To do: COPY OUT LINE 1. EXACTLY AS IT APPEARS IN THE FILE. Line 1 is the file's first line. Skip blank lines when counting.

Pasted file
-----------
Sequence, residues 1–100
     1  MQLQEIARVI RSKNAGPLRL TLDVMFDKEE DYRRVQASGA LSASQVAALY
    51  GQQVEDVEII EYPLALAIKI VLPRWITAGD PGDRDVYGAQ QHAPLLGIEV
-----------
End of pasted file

Sequence, residues 1–100